Because a drayage load can mean a few different things, confusion among carriers is common. Many carriers link drayage with going into a port, but that isn't always true. While all drayage loads typically originate from a port of entry, there are often several legs of a drayage journey before a container turns up at its final stop. Legs of a drayage load may include:
You may be thinking, what's so important about drayage? It's such a small step in the container storage transport process. In reality, it's an integral piece needed in the logistics industry and a crucial part of U.S. supply chain management.
To truly understand the importance of drayage, let's use flowers as an example. Most cut flower shipments enter the market from areas in South America until they end up at Dutch auction houses. Once there, wholesalers purchase flowers in bulk and send those products to retail outlets worldwide. Because flowers are perishable, they typically need to be refrigerated and are often shipped in reefer containers. These refrigerated vessels must maintain a certain temp to prevent loss.
Drayage companies like RelyEx allow flower shippers to send their products from Argentinian ports to airports in the Netherlands with peace of mind because their products are protected. The only way to accomplish this feat is with the help of swift, meticulous port drayage services. Drayage companies allow flower shippers to send their products from Argentinian ports to airports in the Netherlands with peace of mind, because their products are protected. The only way to accomplish this feat is with the help of swift, meticulous port drayage services.
If port drayage is compromised, it can cause delays and even fines. You know the packages you get delivered to your front door from apps like Amazon? Without drayage and drayage brokers, one or two-day shipping times wouldn't even be possible.
As a multi-billion-dollar industry in the U.S. alone, it seems like drayage shipping issues shouldn't exist. But the fact is inefficiencies and congestion are still major problems at ports. Whether it's a lack of carriers, absent chassis, or overburdened terminals, delays lead to missed deadlines, lost revenue, and worse.
But anytime challenges exist, so too do innovative solutions.QUOTE REQUEST
At RelyEx, we like to consider ourselves problem solvers. The nature of the container drayage industry presents new challenges every day, but we're firm believers that there's a solution to every hurdle we encounter. And while some drayage businesses implement a reactive approach, RelyEx customers choose us for our proactive mindset. We take pride in solving your company's drayage challenges to help you avoid frustrating fees, missed expectations, and delayed shipments. We strive to make every transaction successful and streamlined by partnering with shippers who prioritize transparent, prompt, and accurate communication.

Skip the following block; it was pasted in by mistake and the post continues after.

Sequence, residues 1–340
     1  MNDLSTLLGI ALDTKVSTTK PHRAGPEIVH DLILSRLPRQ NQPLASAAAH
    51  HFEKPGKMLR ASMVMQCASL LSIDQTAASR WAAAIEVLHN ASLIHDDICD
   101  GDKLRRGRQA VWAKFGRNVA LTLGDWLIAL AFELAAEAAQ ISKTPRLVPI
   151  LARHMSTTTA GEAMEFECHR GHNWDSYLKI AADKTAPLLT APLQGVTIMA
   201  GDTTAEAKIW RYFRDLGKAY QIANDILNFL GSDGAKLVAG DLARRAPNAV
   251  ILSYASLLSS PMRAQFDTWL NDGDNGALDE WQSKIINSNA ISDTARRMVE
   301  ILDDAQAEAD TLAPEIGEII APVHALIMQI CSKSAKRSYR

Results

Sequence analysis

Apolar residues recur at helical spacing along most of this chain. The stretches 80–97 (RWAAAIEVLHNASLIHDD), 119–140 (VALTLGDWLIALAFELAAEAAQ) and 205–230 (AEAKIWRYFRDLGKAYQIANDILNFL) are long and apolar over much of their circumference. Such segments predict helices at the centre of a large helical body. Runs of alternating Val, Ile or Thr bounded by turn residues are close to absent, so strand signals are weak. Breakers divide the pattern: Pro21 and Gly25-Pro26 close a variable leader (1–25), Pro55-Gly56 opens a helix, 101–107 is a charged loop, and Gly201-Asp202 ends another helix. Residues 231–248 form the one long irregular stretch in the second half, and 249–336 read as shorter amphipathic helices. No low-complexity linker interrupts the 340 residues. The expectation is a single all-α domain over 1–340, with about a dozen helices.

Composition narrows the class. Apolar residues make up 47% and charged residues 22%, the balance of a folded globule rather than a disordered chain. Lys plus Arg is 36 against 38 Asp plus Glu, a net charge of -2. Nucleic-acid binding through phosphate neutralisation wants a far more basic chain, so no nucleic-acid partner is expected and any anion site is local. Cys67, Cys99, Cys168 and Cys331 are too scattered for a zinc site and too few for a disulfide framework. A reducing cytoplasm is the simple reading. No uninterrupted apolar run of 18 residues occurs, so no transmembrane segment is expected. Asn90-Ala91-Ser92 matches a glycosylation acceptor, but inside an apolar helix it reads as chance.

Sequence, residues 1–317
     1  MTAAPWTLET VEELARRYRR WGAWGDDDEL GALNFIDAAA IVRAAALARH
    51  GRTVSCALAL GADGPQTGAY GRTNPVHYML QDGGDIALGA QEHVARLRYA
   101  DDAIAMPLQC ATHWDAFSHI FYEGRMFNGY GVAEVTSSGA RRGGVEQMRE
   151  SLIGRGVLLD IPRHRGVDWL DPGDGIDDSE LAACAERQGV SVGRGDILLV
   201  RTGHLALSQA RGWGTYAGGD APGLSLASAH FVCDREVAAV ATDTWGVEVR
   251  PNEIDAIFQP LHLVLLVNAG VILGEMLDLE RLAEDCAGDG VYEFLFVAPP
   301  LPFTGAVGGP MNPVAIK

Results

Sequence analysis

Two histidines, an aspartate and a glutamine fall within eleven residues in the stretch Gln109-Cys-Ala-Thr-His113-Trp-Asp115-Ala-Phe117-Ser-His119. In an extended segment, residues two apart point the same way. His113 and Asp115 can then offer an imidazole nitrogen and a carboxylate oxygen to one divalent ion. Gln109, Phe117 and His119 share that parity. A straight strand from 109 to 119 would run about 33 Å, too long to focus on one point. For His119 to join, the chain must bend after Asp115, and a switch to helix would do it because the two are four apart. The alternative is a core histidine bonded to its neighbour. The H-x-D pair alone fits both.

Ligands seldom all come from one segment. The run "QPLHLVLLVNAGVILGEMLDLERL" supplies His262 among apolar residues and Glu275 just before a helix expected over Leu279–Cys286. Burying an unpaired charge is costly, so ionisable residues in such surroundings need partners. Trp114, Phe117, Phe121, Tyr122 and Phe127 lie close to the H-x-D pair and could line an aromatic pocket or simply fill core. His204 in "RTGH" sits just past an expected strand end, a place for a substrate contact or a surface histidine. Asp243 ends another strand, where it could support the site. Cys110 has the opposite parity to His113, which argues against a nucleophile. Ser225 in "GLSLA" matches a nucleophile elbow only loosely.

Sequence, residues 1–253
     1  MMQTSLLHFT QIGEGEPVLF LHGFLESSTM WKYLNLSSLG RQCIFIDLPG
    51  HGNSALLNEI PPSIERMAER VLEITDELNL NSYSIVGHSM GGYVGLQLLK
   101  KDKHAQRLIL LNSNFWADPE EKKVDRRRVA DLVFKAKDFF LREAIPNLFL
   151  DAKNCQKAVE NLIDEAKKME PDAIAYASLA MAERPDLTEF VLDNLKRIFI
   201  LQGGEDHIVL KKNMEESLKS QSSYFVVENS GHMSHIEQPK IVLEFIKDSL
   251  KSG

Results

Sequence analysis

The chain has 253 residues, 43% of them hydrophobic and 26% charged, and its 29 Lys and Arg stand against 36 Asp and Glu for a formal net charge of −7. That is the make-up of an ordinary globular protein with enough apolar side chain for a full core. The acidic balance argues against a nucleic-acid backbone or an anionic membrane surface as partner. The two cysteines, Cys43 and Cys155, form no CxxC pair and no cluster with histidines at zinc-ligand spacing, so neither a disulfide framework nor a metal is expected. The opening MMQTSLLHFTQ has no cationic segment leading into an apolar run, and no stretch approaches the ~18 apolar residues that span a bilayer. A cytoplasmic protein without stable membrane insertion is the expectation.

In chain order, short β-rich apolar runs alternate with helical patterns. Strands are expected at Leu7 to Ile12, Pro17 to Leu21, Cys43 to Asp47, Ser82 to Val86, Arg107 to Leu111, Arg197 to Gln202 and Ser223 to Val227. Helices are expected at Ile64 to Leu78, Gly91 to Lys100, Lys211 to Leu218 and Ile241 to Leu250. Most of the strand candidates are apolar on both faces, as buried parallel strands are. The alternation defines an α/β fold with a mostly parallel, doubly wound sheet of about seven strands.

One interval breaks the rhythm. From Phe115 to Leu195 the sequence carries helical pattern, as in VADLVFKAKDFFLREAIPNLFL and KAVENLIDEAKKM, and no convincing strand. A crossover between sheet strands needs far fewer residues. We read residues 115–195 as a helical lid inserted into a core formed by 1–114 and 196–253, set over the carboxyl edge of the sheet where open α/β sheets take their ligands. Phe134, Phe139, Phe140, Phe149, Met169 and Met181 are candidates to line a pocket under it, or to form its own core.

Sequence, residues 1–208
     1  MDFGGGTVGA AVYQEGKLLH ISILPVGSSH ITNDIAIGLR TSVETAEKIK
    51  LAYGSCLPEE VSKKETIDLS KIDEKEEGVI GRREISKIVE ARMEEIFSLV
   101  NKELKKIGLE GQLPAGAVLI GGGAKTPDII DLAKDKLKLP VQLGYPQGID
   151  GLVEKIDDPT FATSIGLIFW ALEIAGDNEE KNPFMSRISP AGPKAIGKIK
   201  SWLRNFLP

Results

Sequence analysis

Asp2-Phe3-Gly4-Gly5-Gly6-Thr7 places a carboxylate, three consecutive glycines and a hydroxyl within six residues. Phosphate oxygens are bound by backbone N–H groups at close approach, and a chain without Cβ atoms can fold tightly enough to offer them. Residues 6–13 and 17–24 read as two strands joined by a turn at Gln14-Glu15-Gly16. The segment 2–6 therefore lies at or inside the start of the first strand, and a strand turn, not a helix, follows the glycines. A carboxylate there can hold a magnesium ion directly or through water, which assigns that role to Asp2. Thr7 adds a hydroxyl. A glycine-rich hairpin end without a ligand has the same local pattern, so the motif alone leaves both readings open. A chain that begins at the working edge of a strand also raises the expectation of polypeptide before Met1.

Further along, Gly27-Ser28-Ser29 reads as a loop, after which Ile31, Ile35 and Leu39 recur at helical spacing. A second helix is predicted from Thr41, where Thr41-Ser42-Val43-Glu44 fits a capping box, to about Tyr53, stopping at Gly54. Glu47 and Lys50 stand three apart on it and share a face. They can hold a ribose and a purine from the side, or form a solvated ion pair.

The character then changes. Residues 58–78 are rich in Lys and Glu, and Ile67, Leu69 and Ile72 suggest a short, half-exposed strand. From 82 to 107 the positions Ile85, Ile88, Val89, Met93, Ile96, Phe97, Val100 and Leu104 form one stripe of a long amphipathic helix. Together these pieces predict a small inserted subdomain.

RelyEx approaches your business from the customer's perspective - a unique approach that helps us provide high-quality, effective drayage services. We've been in the customers' shoes, know their pain points, and because of that, provide first-hand solutions to stressful supply chain issues. With over 30 years of collective knowledge, our team excels in:
Our varied, high-level drayage shipping experience helps us achieve our overarching goal: expertly managing your freight movement needs. That way, you can direct your time and focus on growing the core aspects of your business while we handle the heavy lifting. Throw in proactive planning to avoid bottleneck situations and strong communication for transparent customer relations, and you can see why so many companies trust RelyEx.
When it comes to shipping logistics, it only takes one mistake by a mediocre worker to disrupt your business. That's why, at RelyEx, we pride ourselves on forming and nurturing relationships with carriers who match our standards of care. Our founding partner started his career transporting freight for companies as an on-demand carrier. He uses that knowledge to maximize the resources of our carriers so that our customer's expectations aren't just met - they're exceeded.
Based in the port city of Chicago, RelyEx has a keen understanding of the challenges of managing the inbound and outbound flow of containers. Our team of container drayage experts provides your business with unique solutions to nuanced shipping problems, minimizing demurrage and ensuring the successful delivery of your freight.
Customers choose RelyEx because: